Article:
Gene Foster – Part 8: Life with Papa

My dad always spoke highly of his mom and dad to me, but he reserved a special reverence for his grandfather, John Henry Morton, whom he called Papa. John Henry and his wife, Amanda Carylon Roberson “Big Mama” Morton, lived on a hill southeast and across the road from the Fosters’ place. They called it Hickory Hill. The Mortons lived “in a big nice white house upon hill above where we lived,” Gene wrote. 

John Henry Morton on the steps of his house in Cottonwood

John Henry Morton owned about 1,700 acres and ran Hereford cattle. “There wasn’t many cattle operations around,” Gene remembered. “Most everyone had to farm their land and use other land for grazing” the horses and mules they used to work the farm. The Mortons did have some milk cows. “Grandmother Morton was a nice sweet, neat Christian lady. I’ll never forget her beautiful white hair. I can just see her shaming Papa for saying some off color remark.”

Gene loved to talk about his Papa’s earlier days. “Papa was quite a cowboy I’m sure before I knew him. He told me about riding Chisholm Trail at age 16.” The Chisholm trail ran north from central Texas, through Fort Worth in north Texas, and on north through the Indian Territory (now Oklahoma) and to the railroad heads in Kansas. John Henry told his grandson about driving a herd of cattle to and through Dallas, presumably heading west to catch the trail near Fort Worth. “They pushed cows across Trinity River & bedded them down, an went into town,” Gene recalled Papa telling him. His grandfather talked about horse drawn trolleys in the city. “On this particular drive he had the mumps. I’ll never understand how, but he finished drive & raised a family of 7 children, 3 boys & 4 girls.”

Gene hated that he couldn’t remember and retell more of Papa’s stories. He did share that his Papa told him of Cottonwood “having worlds of deer in the old days.” By the time I joined Dad in hunting deer in Cottonwood in the late 1960s, deer were not as plentiful. Dad would say he thought there were plenty of deer in the deeper woods, but you did not see them as often as in the old days.

Amanda Carylon Roberson and John Henry Morton with Hilda Noble Foster in late 1940s (most likely)

 Gene did speak of Papa taking him fishing–walking “all the way to Clear Creek to fish,” which was probably a mile or so from Papa’s house. Gene wrote:

“We gathered up things one day & left for Clear Creek. He always took his old 12 ga double barrel [shotgun] to kill a rabbit for bait. Papa was getting older and probably didn’t see as good as needed. We got about ½ mile down in the Flat and before I knew what was going on he fired away at a rabbit. We went over to pick up rabbit. To our surprise he had shot Mama’s turkey gobbler. This was quite a shock an also ended our fishing trip.” [Source: Ferrell E. “Gene” Foster, Sr., “Life of Gene Foster,” probably written in the early 1990s, because he did not list his mother’s 1995 death.]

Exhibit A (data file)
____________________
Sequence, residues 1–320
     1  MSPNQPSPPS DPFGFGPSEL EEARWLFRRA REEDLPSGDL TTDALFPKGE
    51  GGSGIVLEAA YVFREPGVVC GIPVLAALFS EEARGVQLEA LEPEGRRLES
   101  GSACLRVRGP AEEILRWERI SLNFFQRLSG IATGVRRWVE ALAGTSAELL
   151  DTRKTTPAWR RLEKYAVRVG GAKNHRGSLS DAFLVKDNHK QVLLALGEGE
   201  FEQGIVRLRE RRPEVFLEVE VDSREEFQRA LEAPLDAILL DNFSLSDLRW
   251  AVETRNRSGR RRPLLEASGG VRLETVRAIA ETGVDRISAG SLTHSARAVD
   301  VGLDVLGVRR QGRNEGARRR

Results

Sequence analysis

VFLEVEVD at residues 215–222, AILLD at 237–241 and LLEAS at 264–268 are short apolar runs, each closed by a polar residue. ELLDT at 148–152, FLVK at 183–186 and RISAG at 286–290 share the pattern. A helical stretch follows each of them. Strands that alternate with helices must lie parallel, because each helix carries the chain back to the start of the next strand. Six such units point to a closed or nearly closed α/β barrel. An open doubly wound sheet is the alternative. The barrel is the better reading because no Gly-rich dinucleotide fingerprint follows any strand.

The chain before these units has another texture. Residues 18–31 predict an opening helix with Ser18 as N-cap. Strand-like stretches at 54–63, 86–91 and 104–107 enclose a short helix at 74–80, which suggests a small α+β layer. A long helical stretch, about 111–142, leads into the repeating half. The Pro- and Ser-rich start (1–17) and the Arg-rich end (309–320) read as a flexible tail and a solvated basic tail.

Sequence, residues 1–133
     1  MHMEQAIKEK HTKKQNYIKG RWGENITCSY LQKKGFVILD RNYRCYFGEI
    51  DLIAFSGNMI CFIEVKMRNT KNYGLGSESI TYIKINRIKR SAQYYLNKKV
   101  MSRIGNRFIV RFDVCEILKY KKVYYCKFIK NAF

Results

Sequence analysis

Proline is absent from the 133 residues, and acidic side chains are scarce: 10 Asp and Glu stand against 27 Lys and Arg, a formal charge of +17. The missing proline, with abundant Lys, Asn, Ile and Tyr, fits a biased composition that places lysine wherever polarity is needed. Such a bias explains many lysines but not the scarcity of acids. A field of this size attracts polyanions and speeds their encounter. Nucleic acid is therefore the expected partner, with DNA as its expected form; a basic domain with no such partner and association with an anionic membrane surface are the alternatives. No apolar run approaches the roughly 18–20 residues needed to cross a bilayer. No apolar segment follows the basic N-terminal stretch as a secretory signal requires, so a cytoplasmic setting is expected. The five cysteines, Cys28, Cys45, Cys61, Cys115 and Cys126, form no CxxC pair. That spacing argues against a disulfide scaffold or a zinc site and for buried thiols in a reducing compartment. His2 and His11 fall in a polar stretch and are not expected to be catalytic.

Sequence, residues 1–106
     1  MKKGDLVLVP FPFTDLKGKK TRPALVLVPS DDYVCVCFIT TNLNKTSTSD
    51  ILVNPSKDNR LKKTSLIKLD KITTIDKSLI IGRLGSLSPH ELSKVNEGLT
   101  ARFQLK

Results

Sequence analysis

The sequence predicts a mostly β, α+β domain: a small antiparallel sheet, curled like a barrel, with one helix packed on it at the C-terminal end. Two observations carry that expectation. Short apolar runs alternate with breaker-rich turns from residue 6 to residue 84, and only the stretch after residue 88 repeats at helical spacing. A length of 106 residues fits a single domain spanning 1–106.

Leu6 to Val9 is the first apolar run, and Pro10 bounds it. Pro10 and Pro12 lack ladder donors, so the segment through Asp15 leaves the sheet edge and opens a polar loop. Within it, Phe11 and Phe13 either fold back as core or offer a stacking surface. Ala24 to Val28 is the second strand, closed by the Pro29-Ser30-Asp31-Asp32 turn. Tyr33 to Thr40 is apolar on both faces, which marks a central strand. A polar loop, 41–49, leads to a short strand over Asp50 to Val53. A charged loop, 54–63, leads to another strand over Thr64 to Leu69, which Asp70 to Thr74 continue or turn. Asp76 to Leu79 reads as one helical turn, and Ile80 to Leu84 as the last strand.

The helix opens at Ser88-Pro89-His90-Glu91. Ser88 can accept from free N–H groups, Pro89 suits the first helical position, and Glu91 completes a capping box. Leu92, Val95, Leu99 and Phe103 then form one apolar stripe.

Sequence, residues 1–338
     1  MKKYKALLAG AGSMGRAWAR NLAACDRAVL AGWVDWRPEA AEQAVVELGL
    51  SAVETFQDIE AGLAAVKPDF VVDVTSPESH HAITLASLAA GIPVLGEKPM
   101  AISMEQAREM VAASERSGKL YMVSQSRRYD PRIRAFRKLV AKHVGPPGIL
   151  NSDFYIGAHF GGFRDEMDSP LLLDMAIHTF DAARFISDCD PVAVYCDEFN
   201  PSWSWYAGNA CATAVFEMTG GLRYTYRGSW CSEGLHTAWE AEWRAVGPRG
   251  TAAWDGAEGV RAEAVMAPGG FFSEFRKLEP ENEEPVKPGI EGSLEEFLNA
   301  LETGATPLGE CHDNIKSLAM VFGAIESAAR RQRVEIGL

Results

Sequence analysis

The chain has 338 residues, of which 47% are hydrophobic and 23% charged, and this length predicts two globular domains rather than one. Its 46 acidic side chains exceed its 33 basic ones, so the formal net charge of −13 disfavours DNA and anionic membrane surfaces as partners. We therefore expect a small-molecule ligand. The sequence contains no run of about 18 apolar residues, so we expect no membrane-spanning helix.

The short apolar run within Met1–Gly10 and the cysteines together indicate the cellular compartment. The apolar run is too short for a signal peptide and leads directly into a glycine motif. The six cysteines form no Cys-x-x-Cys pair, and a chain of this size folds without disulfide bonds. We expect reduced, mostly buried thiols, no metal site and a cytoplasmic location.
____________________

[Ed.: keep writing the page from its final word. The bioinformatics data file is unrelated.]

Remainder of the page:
The larger portion of John Henry’s land was south of what is now FM 2709. Papa called this portion of his land, The Ranch. Gene said:

“He always had a good horse. Trixie is the one I remember most. He would ride to ranch most every day. He always tied a sack of salt on behind saddle. When I got big enough to ride he bought a Shetland pony. He would saddle both animals and we would head for ranch. We would ride until he checked every animal. He had certain rocks & split logs he would put the salt in he always carried. Papa died when he was 96. He rode his horse into the low nineties.” [Source: same as above]

The house of John Henry and Amanda Carylon Roberson Morton on the top of Hickory Hill in Cottonwood

Years later, when Gene owned a portion of his Papa’s land, he would drive around the property in his pickup truck repeating what his grandfather had done on horseback — inspecting the cows, making sure everyone of them was accounted for. Gene also did something else his grandfather did. “In his late years I’ve seen him [Papa] out walking tearing up every cow chunk he could find.” In other words, as John Morton walked around his place, he would use a stick to break up dried cow poop. By breaking up the piles, the mature was spread to help the grass grow.

Just one more detail on John Morton. “I don’t ever remember Papa driving a car,” Gene said. “I know he had Model T’s but someone else done driving (uncle Jess & Wilson).”

Copyright © 2020 Ferrell Foster

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